In reality, the case goes back to September 3 2004, when Minister of Communications Dr Ivy Matsepe-Casaburri declared, as part of a determination on amendments to the Telecommunications Act, that VANS would be allowed to self-provide their own network facilities from February 1 2005. Icasa formally endorsed this amendment. Yet, with barely hours to go before the due date, the minister stated that this self-provisioning applied only to the mobile cellular operators and that “value-added network operators may obtain facilities from any licensed operator as specified in the determinations”.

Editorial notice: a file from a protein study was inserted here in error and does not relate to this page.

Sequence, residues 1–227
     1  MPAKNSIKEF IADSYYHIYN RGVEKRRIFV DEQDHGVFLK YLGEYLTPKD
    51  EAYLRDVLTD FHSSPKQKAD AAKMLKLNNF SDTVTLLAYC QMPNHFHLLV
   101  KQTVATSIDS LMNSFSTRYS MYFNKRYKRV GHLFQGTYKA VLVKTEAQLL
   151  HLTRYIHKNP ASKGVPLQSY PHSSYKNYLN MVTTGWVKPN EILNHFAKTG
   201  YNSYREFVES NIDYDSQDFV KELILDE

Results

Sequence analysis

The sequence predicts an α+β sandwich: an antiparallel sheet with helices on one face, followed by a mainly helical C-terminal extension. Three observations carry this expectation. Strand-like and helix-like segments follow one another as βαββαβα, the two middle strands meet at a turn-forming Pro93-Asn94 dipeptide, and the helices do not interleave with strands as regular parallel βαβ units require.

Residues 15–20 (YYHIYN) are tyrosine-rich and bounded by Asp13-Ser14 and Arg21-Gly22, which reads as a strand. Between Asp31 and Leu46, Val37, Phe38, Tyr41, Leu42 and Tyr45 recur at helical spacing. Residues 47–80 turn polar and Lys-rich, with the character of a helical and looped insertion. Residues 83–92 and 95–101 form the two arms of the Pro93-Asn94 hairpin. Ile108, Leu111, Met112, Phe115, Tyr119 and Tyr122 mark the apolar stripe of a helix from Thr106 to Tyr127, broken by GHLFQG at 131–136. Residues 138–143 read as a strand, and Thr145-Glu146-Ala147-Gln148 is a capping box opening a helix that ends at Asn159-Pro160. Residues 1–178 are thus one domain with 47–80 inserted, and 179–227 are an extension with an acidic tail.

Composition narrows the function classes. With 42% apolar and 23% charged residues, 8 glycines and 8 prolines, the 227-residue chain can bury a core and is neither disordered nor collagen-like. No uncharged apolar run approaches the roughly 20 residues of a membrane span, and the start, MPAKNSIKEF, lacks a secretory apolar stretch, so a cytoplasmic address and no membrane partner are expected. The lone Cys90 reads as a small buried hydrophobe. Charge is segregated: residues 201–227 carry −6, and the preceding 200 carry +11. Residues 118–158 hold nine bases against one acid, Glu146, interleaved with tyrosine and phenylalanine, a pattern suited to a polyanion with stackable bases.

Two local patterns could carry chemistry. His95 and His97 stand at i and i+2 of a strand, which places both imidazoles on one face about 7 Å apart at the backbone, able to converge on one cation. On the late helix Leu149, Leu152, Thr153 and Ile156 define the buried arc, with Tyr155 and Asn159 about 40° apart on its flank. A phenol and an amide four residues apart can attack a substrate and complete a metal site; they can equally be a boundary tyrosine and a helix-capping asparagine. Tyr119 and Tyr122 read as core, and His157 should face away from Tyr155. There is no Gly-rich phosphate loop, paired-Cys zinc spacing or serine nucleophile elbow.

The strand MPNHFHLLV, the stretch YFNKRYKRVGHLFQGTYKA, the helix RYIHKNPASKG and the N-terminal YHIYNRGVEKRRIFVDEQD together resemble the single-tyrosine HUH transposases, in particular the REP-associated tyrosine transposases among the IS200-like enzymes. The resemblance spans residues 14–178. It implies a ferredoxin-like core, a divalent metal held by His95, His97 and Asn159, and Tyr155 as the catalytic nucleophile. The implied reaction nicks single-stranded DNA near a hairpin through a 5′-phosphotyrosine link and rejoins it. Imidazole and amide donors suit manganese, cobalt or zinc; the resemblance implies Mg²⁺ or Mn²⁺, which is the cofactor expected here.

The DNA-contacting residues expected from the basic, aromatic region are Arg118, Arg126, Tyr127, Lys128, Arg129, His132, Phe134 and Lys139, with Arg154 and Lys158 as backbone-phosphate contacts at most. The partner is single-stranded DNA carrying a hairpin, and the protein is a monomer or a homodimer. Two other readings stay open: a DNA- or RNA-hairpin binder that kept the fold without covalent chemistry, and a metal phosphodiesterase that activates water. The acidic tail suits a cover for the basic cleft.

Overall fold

In effect, that had shut the door to open competition, with VANS forced to buy all network services from the same companies that were their biggest competitors. This about-turn, and the restrictive environment it entrenched, became the Jabberwocky monster in the tulgey woods of over-regulation in South Africa.

The Jabberwock

Under the Electronic Communications Act, any VANS could upgrade its VANS licences to ECNS licences, but only if Icasa approved these. And Icasa would only approve a handful, citing various reasons that essentially amounted to protecting vested interests. But before Icasa could announce the winners of what Altech described as a cherry-picking approach to licensing, Altech Autopage took the matter to court.